My approach is different.  I simply congratulate them.  I congratulate them on having been able to try all ninety plus distinct styles of beer.  There are very few people in the world that can honestly make that claim.  Without exception, they splutter something to the effect “well, of course I haven’t” to which I respond “ah, so you simply don’t like all the beers you have tried so far. * I’m sure there is a beer out there for you and I’d be happy to help you find it.”

I recall one corporate beer tasting event where a very proper woman in her 50s told me beforehand “I don’t like beer.  I’m only here to accompany my friend.”  I respectfully welcomed her to the session ** and asked only that she try each beer put before her.  To her credit, she did and at the end she enthusiastically cast her vote for Delirium Tremens, a 9% strong Belgian Golden Ale, on the grounds it did not taste like anything like what she thought beer tasted like.  Chalk one up for the good guys.

In this post, we highlight two beers which each showcase what beer can do.  One is a pulsating hop-bomb, the other a bourbon-infused malt monster.  Both tip the scales at well over 6% alcohol and both, coincidentally, are on tap at Malthouse now.

First up is the welcome return of 8Wired HopWired IPA (7.3%) created by noted Danish brewer and current New Zealand poker champion Soren Erikson. ***  This beer made a stunning debut at number two in my top ten beers of 2010 and is likely to make a strong showing again this year.  It was broadly inspired by the American West Coast IPA style but uses Nelson Sauvin and Motueka hops for aroma and flavour, and Pacific Jade for bittering.  The solid malt backbone is provided by Gladfield Pale Ale Malt and two types of crystal malts.

Soren writes on his blog “The recipe is exactly the same [as last year] but the hops are from the 2010 harvest.  Hops are like any other crop (grapes would be the most obvious example), there is an element of vintage variation.  In most beers this variation is hardly noticeable because the hops play a secondary role as a flavour component and is mainly used for bitterness.  HopWired on the other hand, is all about the hops and the vintage variation will shine through with nothing to hide behind.”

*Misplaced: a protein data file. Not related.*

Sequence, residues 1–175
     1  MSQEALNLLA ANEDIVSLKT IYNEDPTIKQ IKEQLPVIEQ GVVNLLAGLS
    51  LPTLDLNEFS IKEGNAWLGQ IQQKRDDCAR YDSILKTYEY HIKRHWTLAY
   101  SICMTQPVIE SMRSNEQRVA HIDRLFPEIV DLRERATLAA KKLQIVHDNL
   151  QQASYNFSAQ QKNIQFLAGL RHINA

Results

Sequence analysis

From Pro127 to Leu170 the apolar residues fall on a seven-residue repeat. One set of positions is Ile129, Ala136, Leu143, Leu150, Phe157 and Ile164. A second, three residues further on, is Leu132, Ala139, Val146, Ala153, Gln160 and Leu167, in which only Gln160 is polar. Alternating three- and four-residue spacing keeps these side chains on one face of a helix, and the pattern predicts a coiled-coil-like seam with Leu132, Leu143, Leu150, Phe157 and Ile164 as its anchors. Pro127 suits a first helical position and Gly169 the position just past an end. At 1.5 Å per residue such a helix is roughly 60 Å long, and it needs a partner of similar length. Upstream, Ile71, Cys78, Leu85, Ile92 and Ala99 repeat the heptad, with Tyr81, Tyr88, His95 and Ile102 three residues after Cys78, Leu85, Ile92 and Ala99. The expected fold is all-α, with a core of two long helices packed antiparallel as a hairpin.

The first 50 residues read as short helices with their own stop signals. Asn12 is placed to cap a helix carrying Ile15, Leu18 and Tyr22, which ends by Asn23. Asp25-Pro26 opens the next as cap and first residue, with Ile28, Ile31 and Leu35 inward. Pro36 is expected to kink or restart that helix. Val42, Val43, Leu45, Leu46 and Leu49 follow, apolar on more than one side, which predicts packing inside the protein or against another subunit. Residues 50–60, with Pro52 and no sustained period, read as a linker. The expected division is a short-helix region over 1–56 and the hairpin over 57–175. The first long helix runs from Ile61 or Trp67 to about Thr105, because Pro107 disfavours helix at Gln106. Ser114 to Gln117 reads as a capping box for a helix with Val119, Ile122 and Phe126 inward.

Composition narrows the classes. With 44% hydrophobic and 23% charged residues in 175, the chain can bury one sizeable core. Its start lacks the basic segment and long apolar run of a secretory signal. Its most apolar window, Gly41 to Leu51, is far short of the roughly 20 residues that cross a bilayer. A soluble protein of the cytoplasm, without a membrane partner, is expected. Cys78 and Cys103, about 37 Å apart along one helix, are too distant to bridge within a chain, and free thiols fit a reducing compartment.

To me, it seems fresher and juicer than last year with lashings of tropical fruit – passionfruit, sharp citrus – and an irresistible bitter finish.  I find it very drinkable indeed.  It seems I am not the only one with Tony Garstang (Masterton) and Peter Crosland (Wellington) moved to poetry by the beer.  Here are some highlights from their epic poem “An Ode to HopWired”:

He focused on flavour,
He focused on hops,
The ale was pale,
And the taste it was tops.

The pundits they claimed,
It was lime on the nose,
And besotted old soaks
Did break into prose.

The second featured beer is Harrington’s Big John  (6.5%) which is making a rare appearance on tap in the Capital.  This is a beer which has been tasting really great for a number of years now.  It was first made in limited quantities over a decade ago and was originally aged in bourbon barrels.  Head brewer Carl Harrington says it is “a damn shame” that they are currently unable to source suitable barrels and have reluctantly stopped using the technique.  Instead, the beer is infused with Kentucky Bourbon to impart some of the oak, vanilla and (frankly) bourbon notes which make this beer so special.

Poles apart from HopWired, Big John is delicious in its own way.  It is a sipping beer which throws a spicy, burnt toffee nose.  The body is full with the bourbon notes accompanied by touches of spice, raisins and prunes before a lingering, tingling finish.  Harrington’s was a finalist for the Champion Large Brewery at the Australian International Beer Awards 2010 and this is one of their finest offerings.

Finally, Malthouse is now selling stylish branded 2.5 litres flagon ideal for off-sales and transporting good beers to bad parties.  They arrived last week and at just $22 are proving popular.  Flagons can be ordered over the bar.

* Which given the beers some of them had tried was hardly surprising
** Basically, her cheque had cleared
*** Technical difficulties mean we must apologise for the lack of the proper funky ‘o’ with a slash through it (Wikipedia unhelpfully notes “the name of this letter is the same as the sound it represents”)
**** Marvelous stuff but I’m not sure ‘afired’ or ‘accolations’ are real words


Beer Writer
Real Beer New Zealand
Beer and Brewer Magazine